Problems with Run and SubRun objects

Note for "artists": in this write-up, I use Run in place of RunPrincipal, SubRun in place of SubRunPrincipal, and Event instead of EventPrincipal, because that is the terminology used by all our users.

Run and SubRun objects are currently similar to Event objects in that they are containers of almost-arbitrary experiment-defined types. But the Run and SubRun differ from the Event in that the Event has no "begin" and "end" time; it is merely has a time at which it was collected.

The fact that Run and SubRun objects represent a span of time (or equivalently, a span of Events) causes trouble because when a DAQ starts a run (or subrun) it knows the starting time, but not the ending time. There is also other information regarding the run (or subrun) that is known only when it is over -- such as the number of events it contains, or the integrated luminosity or number of protons on target it represents. Experimenters may want to put an object into a Run or SubRun representing a summary of some quality of the events in that interval, and the summary can't be complete until the interval is complete.

Run and SubRun objects also differ from Event objects in that an Event object can not be spread across multiple files, while a Run or SubRun can. It is thus possible to have already written a Run object to an output file, and closed that output file, before the "end time" of the run is known; more generally, both Run objects and SubRun objects may be written out output files in an incomplete state, because the knowledge of how to "complete" them is not known until after the file in question is written and closed.

A possible solution to this problem is to replace the Run and SubRun by a RunFragment and a SubRunFragment, where each of these represents the portion of a run (or subrun) represented in the file that contains the RunFragment (or SubRunFragment).

This change alone is not a complete solution, because we still have to figure out what to do about cases in which we want to merge M input files into 1 output file, or split 1 input file into N output files. The general case of turning M input files into N output files would seem to be unfeasible to handle.

Comments from Mark Messier

I thought about these issues in FMWK and my "solution" was to punt completely on these concepts and instruct experimenters to put meta data into their database and store it separately from the event files. The issues are annoyingly complex and to my mind don't suggest an obvious behavior which is often a signal to me that there is something wrong with the concept. I think whatever one decides for these, the behavior will end up surprising someone.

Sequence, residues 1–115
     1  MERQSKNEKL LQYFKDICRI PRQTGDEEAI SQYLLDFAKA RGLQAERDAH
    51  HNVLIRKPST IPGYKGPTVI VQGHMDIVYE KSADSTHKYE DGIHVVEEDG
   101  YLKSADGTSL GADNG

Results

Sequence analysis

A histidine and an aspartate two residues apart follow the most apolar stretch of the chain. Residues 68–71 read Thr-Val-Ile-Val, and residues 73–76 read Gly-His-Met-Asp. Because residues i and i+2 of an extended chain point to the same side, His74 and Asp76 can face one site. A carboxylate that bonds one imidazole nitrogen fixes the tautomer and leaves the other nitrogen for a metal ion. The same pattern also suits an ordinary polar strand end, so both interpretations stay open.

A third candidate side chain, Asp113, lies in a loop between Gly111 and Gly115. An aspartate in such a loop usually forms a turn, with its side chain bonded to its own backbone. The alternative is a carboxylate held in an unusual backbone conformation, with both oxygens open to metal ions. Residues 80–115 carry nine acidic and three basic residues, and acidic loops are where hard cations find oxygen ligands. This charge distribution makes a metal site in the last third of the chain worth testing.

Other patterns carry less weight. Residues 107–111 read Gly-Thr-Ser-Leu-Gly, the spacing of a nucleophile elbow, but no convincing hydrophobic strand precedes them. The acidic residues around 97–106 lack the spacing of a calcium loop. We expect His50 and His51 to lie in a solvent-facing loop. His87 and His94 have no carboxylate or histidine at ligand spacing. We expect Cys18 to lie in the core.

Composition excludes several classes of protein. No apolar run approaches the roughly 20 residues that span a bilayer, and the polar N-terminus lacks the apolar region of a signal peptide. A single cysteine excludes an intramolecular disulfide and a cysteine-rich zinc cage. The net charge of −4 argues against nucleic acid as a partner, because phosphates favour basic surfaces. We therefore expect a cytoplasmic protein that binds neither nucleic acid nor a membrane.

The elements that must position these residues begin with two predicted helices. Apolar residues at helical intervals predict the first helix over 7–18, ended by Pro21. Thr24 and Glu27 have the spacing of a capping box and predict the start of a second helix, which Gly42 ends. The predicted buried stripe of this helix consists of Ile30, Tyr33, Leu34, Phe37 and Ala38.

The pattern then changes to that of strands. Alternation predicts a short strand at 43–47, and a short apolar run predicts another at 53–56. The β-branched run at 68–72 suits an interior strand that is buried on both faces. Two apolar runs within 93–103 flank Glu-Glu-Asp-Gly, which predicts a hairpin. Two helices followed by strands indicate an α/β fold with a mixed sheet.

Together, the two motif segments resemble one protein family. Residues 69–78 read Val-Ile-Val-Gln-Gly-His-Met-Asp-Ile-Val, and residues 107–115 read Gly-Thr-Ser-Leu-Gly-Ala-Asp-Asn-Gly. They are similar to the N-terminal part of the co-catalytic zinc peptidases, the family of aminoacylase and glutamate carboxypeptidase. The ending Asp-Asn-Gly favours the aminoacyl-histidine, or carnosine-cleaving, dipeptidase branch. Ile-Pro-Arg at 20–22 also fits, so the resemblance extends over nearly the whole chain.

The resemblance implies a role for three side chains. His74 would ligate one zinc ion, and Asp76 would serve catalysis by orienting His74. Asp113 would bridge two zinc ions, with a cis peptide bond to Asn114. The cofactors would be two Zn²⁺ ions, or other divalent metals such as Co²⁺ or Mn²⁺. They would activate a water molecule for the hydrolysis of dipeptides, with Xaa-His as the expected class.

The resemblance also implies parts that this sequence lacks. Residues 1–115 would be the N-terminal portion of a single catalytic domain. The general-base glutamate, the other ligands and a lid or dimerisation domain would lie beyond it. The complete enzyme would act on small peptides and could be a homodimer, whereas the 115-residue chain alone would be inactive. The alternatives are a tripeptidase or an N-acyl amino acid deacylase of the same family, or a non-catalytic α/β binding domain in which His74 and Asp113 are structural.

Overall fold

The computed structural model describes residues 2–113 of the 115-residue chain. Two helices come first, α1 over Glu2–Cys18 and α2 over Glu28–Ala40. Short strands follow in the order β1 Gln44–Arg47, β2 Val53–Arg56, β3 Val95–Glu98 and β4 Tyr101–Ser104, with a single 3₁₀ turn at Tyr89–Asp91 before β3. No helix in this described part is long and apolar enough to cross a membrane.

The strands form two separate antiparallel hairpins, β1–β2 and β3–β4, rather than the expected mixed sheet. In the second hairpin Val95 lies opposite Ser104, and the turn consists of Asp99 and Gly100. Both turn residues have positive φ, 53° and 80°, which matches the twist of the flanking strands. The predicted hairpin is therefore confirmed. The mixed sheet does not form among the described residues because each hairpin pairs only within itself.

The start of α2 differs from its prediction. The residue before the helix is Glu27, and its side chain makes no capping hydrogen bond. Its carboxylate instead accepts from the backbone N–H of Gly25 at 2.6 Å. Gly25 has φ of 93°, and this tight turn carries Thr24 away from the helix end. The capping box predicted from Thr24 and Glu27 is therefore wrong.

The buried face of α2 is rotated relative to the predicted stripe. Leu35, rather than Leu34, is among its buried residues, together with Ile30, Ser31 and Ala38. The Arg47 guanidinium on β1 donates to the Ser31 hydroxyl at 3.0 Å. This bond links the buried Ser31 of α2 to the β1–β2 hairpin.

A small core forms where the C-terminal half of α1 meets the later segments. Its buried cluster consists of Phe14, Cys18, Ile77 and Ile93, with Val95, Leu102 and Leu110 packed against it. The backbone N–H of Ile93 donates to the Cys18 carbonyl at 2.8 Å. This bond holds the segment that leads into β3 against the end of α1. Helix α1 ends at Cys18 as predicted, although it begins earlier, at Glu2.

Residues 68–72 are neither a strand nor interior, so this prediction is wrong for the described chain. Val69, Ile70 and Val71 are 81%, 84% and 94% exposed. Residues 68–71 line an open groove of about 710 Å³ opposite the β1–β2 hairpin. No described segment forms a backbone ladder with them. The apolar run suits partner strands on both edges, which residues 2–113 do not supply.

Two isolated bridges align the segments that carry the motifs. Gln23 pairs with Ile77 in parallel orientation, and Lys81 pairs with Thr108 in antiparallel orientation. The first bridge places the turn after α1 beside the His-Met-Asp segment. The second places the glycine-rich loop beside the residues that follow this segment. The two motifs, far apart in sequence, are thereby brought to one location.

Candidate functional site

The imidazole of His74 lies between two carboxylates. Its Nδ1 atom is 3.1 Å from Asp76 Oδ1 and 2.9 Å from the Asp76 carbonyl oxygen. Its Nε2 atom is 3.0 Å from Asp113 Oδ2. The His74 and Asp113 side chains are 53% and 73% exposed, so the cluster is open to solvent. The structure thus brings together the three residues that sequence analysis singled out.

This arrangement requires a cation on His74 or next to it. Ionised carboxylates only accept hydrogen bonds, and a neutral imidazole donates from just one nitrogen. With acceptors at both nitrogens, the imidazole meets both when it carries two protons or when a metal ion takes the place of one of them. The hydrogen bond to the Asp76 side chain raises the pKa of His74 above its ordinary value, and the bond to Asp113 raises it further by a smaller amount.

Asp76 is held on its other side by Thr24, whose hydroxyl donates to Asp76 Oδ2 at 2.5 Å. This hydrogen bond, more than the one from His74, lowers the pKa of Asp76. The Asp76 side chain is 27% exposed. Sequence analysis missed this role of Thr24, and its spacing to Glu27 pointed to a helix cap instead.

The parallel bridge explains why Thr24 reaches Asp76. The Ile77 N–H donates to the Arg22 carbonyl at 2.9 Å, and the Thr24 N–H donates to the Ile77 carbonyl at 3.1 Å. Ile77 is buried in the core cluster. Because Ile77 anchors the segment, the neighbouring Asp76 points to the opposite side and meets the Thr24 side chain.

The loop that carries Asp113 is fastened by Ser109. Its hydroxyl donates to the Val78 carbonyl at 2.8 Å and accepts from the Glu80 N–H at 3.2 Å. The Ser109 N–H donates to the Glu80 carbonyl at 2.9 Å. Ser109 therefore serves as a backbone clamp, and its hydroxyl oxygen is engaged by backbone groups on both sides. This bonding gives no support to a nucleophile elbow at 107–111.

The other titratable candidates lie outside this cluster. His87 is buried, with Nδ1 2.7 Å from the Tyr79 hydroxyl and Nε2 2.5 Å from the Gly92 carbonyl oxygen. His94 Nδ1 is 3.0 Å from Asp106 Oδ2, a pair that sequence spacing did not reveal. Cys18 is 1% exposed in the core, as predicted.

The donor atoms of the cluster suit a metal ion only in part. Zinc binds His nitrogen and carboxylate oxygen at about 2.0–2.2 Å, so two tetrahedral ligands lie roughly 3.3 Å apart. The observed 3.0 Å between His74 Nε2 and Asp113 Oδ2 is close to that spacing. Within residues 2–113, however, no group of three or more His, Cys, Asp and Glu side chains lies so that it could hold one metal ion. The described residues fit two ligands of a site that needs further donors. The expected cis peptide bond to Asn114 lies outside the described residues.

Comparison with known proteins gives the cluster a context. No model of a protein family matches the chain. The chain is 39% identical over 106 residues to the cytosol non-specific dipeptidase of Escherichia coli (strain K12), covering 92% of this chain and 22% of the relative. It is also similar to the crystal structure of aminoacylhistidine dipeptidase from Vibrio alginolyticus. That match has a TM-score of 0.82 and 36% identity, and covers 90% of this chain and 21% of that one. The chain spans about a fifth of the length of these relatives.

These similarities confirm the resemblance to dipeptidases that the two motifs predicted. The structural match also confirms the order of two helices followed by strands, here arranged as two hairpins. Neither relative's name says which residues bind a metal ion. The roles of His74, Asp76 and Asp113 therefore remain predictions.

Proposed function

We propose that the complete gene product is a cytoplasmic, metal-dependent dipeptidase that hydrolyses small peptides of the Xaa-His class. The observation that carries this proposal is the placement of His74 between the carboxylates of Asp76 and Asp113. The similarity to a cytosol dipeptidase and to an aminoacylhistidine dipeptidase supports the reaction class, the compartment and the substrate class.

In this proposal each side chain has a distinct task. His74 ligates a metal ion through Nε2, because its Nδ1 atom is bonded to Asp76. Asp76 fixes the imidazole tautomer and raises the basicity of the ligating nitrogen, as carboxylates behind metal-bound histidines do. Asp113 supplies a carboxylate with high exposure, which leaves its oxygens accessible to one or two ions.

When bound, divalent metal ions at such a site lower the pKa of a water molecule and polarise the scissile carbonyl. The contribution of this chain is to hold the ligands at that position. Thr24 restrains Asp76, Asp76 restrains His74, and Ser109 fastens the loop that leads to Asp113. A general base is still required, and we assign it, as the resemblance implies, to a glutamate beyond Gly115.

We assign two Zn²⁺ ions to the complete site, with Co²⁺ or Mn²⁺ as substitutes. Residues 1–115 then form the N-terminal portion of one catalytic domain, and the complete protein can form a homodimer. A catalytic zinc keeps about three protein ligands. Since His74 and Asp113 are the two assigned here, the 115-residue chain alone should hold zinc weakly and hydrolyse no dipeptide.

One note to the discussion on the wiki: the discussion there assumes there that a file will contain data from only one run. I think this assumption is incorrect. Imagine the final nue sample at our far detector. If we enforced this on that data sample we would have ~100 files all with ~1 event per file. Much more efficient to put all these events into a single file.

My recommendation is to keep these run and subrun blocks as simple as possible and limit the framework information to only that which can be known definitely at creation time: run number, subrun number, start run time, start subrun time. I would leave it to the experimenters to add any additional summary information they might want "by hand" at whatever stage of processing the experimenters deem reasonable.

As for file splitting / merging : Again this problem is not as simple as it might seem at first. What is the expected behavior when two files containing events from the same subrun are merged? What is the expected behavior when you create a file containing events from multiple runs and subruns? What if that file only contains events from a few select subruns from the entire run? Suppose one has a final event sample for some analysis where a few hundred events are selected from a few thousand runs. Is it reasonable to expect to be able to (eg.) compute the full exposure for the sample from that final data file? If yes, then one needs to be able to loop over all the run information, even for those runs which didn't not happen to produce signal events. If the answer is "no" then how much good does this meta data concept do you anyhow?